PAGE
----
Tuesday, May 5, 2009

Yes, I was on Glenn Beck

This should be subtitled "What you can't get into a four-minute Fox News show and we're afraid to ask."

Yes, I was on the Glenn Beck show this evening. That was me, answering questions about the US real estate market, hoping I would not be one of Mr. Beck's shredded targets. It's nice not being a target.

The interview featured your humble scribe talking about why it's too soon to be optimistic about the US real estate market. I had to qualify my comments, since in reality there is no ONE US real estate market. There are metro areas, neighborhoods, regions, states and whole corridors where people are walking away from homes and ghost town developments. They have been devastated for different reasons.

* In South Florida, where I was a few months ago, developers overbuilt and speculators used the cheap Fed bubble money like it was buttered popcorn.

* In Southern California, prices were -- and still -- obnoxiously high relative to the rest of the country, so homebuyers did everything they could to get into a house. Bankers and real estate agents bent over backwards (play limbo song here) to get them into these homes, some of which were located in the sprawling Mojave Desert and blistering Central Valley.

* In Michigan and Northern Ohio, you know what happened to the US auto industry.

* Elsewhere, price declines weren't as severe as the West Coast. Still, folks are hurting.

I believe that a combination of unemployment, supply and demand (too many homes, too few buyers), the complexities of mortgage guarantees (not enough of them), the failure to stem foreclosures (they continue) and the aging of the Baby Boomers (were downsizing the love shack, baby) all contribute to this housing malaise, which could last for decades.

Since that's a lot to squeeze into four minutes, I'm afraid I failed on that account and must have sounded like someone who's just a pessimist.

I'm a realist and believe that the mainstream media not only largely ignored the bubble but is failing to grasp the long-term consequences of the housing bust. Here's a few observations, all of which I expound on in my upcoming book "The Cul-de-Sac Syndrome," now available for pre-orders on amazon.com.

* Aging boomers will not be buying McMansions or moving to sprawling burbs, which I call "spurbs" in my book. They will want to be near amenities like museums, music venues, universities and cultural treasures. That means condos and townhomes in cities and inner suburbs.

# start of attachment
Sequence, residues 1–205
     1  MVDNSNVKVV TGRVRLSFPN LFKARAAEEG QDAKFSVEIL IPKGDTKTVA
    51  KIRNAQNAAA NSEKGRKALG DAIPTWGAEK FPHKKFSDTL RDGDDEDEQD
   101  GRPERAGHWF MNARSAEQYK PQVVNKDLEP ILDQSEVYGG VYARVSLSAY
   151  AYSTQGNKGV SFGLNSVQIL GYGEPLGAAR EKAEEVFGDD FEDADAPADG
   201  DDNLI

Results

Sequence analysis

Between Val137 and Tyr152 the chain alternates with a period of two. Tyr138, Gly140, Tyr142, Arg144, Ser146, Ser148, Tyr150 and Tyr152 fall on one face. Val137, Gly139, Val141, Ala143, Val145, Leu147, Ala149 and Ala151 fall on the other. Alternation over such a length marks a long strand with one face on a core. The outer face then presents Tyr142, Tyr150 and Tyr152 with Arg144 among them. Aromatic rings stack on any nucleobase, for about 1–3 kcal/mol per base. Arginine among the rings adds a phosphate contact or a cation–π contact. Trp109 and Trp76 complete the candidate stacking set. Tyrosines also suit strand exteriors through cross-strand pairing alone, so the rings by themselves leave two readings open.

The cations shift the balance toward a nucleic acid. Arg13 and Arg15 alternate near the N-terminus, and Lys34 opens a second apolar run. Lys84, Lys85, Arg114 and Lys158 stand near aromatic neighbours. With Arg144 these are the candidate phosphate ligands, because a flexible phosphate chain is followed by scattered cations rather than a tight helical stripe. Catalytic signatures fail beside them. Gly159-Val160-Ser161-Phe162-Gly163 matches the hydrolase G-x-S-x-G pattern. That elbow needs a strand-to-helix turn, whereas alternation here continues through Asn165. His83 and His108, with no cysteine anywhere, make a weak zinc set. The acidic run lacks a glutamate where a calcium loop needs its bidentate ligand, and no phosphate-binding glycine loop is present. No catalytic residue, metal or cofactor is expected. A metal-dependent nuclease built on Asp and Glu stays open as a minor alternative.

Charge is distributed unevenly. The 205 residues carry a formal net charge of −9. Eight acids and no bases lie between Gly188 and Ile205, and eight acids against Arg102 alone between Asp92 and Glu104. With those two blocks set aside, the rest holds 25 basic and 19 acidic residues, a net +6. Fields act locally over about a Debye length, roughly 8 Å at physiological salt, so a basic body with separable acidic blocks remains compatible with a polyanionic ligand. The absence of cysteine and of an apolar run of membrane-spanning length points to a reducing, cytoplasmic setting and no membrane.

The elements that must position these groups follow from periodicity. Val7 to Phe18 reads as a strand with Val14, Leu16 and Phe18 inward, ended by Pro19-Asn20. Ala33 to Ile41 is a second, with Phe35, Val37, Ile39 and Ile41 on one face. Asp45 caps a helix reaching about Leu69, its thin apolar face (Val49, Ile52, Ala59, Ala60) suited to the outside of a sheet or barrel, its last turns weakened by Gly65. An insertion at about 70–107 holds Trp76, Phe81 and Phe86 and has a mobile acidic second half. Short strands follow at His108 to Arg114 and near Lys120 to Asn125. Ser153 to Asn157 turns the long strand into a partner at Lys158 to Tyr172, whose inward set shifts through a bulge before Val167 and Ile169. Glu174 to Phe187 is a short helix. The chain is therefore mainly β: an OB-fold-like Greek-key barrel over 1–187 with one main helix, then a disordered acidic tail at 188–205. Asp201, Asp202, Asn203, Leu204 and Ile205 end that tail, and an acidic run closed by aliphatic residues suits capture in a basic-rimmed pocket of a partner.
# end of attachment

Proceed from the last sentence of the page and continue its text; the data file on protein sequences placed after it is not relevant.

* Large-scale superstores and malls are going to shrink big time. Boomers are scared to death of their diminished nest eggs. First they got clobbered by the dot-com scam, then the credit bubble, then the housing meltdown. They know they will have to work and SAVE much longer than they anticipated. They won't have their parent's retirement.

* Those places that were overbuilt (there are several lists in my book) will be crippled for perhaps a decade, maybe more.

* Congress and the Obama Administration haven't even begun to address the housing meltdown. They're going to have to do a LOT more than offer first-time homebuyers an $8,000 credit and a $1,000 check to loan servicers to modify the interest rate on mortgages that may be foreclosed upon. Mortgage guarantees need to cover most of the market for at least 10 years, either through Fannie Mae and Freddie Mac (which need to be restructured) or the FHA. The secondary market for mortgages either needs to be reinvented or government sponsored. Either way, you need to be able to sell a mortgage to an investor again.

* Congress needs to get realistic about lost equity. Some $6 trillion is gone and not coming back. I know the Senate killed a bill that would have allowed home owners to write down mortgage principal in bankruptcy, but that needs to be reconsidered. Write down the evaporated equity and move on. That's what the banks are doing.

So, dear readers, I can't possibly cover this ground (and more) in four minutes on national television, so I hope that you'll forgive me and give The Cul-de-Sac Syndrome a try. It will take more than four minutes of your time, but it might give you some novel ideas. For too long, "home was where the heart is." Let's start using our brains again when it comes to our domiciles.

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